Eye Doctors Warn: Halloween Contact Lenses Are Scary
Wearing fashion contact lenses to enhance your Halloween costume’s fear factor may seem fun. But these non-prescription lenses can cause something far more terrifying: blindness. It’s no scare tactic. Wearing over-the-counter contacts can lead to permanent vision loss.
Contact lenses are not “one size fits all.”
The dome-shaped, outermost layer of your eye is called the cornea. A poorly fitted contact lens can damage the cornea’s protective layer of tissue and cause infection. To avoid stress on this delicate surface and allow the cornea to get proper oxygenation, have an ophthalmic professional fit your contact lenses to the specific dimensions of your eye.
“Just like other parts of the body, our eyes vary in shape and size from person to person,” says Jaime David Martinez, M.D., an ophthalmologist at Bascom Palmer Eye Institute, part of the University of Miami Health System. “With normal prescription contact lenses, your eye doctor takes detailed measurements of your eyes to ensure that your contact lenses fit properly.”
What if you wear non-prescription contacts?
Poorly fitting, over-the-counter, decorative contact lenses increase the risk of cutting or scratching your eye. If your cornea gets an abrasion, it may develop into an eye infection, leading to permanent vision loss.
“In addition, studies on non-FDA-approved decorative/colored contact lenses (of which there are many) have found harmful chemical components, such as chlorine, in the colored/decorative portion of the contact lens. This can be toxic to your eyes and lead to vision loss,” Dr. Martinez says.
Wearing non-prescription contacts can also lead to:
- pink eye (conjunctivitis)
- corneal edema
- sensitivity to light
- allergic reactions
- toxic changes to the corneal surface caused by chemicals
- debilitation of the corneal surface epithelium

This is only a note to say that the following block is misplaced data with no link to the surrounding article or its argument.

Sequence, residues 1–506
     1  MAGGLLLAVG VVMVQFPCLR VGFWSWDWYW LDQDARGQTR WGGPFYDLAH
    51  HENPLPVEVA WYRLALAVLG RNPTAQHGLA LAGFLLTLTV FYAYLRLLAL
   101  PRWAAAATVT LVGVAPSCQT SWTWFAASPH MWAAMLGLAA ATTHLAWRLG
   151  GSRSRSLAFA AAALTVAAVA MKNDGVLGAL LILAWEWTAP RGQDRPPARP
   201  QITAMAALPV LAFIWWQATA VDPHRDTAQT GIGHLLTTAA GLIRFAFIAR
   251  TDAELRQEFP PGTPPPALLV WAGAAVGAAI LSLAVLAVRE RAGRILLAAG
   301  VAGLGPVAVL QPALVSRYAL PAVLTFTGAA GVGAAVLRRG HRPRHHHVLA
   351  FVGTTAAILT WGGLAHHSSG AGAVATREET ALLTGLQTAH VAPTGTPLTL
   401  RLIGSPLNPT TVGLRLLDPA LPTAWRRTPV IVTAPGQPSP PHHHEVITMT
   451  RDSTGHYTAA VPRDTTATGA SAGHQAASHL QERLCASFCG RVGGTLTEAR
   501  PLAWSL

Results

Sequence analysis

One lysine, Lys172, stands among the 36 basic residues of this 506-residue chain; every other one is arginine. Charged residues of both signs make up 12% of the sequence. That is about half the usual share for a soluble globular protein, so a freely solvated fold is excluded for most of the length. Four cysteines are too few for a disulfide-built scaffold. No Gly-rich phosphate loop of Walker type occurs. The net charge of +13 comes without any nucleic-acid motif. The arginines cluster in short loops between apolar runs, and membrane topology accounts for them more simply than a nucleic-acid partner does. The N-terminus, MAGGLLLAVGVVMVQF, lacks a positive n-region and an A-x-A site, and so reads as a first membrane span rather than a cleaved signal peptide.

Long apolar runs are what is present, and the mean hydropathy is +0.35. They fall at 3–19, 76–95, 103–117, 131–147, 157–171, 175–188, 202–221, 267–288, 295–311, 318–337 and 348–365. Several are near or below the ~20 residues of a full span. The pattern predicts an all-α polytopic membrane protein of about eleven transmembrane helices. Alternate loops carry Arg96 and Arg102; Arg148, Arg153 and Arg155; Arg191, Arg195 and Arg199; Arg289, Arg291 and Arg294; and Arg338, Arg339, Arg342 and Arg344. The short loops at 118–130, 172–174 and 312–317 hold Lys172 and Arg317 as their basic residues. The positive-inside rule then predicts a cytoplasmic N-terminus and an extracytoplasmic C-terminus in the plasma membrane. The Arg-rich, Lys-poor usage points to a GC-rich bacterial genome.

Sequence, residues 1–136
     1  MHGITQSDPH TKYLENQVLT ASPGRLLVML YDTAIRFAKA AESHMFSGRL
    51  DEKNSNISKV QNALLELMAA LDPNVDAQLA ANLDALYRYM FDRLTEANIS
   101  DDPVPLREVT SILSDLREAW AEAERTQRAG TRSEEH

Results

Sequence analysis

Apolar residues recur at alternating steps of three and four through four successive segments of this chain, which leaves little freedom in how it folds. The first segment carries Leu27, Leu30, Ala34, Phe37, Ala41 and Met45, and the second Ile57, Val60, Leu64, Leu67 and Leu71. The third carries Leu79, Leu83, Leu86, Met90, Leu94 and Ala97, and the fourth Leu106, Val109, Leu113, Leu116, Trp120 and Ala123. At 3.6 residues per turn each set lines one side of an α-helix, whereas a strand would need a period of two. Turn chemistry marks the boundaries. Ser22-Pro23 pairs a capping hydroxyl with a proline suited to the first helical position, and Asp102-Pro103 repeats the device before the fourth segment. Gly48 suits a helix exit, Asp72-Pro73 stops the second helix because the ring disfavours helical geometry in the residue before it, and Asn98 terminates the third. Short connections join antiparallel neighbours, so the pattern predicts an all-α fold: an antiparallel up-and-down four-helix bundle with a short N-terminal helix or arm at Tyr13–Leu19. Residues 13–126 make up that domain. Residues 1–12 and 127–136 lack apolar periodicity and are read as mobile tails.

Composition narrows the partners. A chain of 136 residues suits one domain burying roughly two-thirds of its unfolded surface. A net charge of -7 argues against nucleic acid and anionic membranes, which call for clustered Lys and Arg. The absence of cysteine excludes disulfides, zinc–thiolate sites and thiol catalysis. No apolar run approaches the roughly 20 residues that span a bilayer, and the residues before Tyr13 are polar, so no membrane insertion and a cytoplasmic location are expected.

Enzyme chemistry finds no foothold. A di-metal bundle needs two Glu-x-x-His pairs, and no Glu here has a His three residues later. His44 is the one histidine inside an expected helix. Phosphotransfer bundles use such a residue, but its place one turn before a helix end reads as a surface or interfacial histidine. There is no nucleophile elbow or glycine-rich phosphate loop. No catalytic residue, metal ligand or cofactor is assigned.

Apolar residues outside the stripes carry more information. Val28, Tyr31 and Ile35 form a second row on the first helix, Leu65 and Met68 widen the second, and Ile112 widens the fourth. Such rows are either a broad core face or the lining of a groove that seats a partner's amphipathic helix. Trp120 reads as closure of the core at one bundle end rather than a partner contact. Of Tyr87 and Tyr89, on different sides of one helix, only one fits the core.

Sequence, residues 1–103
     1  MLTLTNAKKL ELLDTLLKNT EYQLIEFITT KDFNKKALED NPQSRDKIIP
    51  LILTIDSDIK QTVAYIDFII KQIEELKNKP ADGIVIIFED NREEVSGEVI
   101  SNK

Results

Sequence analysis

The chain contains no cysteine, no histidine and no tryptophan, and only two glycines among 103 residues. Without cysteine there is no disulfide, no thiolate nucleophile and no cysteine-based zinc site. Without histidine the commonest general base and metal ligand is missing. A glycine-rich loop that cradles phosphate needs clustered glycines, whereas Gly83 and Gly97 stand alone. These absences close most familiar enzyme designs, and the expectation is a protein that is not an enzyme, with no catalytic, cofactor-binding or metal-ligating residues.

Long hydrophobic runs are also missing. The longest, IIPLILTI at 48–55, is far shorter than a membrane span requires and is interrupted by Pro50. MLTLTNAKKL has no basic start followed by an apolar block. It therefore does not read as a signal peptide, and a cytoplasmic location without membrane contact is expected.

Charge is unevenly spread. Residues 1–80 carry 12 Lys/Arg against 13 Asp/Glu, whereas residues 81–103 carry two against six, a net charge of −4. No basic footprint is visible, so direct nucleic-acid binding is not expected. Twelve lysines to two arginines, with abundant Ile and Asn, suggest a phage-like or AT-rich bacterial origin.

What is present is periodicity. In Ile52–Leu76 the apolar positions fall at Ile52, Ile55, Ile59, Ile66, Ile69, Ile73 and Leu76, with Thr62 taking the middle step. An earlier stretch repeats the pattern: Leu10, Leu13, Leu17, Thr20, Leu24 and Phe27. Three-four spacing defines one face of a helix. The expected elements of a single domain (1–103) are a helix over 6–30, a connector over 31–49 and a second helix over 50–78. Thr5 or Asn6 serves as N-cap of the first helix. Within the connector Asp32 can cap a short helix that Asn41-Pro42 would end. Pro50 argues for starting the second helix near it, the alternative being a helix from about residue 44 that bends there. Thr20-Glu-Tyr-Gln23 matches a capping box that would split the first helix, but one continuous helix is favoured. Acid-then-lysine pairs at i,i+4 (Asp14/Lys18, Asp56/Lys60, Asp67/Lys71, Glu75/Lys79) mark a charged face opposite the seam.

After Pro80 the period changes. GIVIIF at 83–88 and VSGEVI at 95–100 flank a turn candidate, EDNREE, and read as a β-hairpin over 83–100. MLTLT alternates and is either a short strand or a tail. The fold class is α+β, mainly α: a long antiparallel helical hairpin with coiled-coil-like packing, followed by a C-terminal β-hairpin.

- microbial keratitis
“The risk of eye infection is higher in non-prescription, ‘fashion’ contact lenses (compared to prescription lenses) due to the lack of regulation on sterility and structural integrity,” Dr. Martinez says. “It is important to recognize that the FDA provides manufacturers, distributors and retailers with detailed instructions on the manufacturing and distribution of their products and ensures adequate regulation processes. Non-prescription ‘fashion’ contact lenses are not subject to these rigors, negatively impacting patient safety. A study on 285 decorative, non-corrective, non-FDA-approved contact lenses found that 60% of the counterfeit lenses tested positive for microbial contamination.”
While selling non-prescription contact lenses is illegal, over-the-counter “fashion” contacts can still be easily purchased at Halloween costume shops, beauty supply stores and online. Many of these lenses are falsely advertised as “no prescription necessary” and “one size fits most.”
Wearing over-the-counter contacts for just one night can damage your eyesight.
“Because over-the-counter decorative contact lenses are not professionally assessed and fit to the shape of your eyes, the risk of a corneal abrasion and infection — regardless of the duration of wear — persists,” he says.
Protect your eyes in style with this alternative.
Many companies that sell prescription contact lenses now sell FDA-approved colored/decorative contacts that can be appropriately sized and fitted to the shape of your eye.
“Regardless of the brand, the most important step prior to using decorative contact lenses is to contact your local eye doctor to ensure a proper fit and use of FDA-approved lenses,” says Dr. Martinez.
Dana Kantrowitz is a contributing writer for UHealth’s news service.
Originally published on: October 23, 2020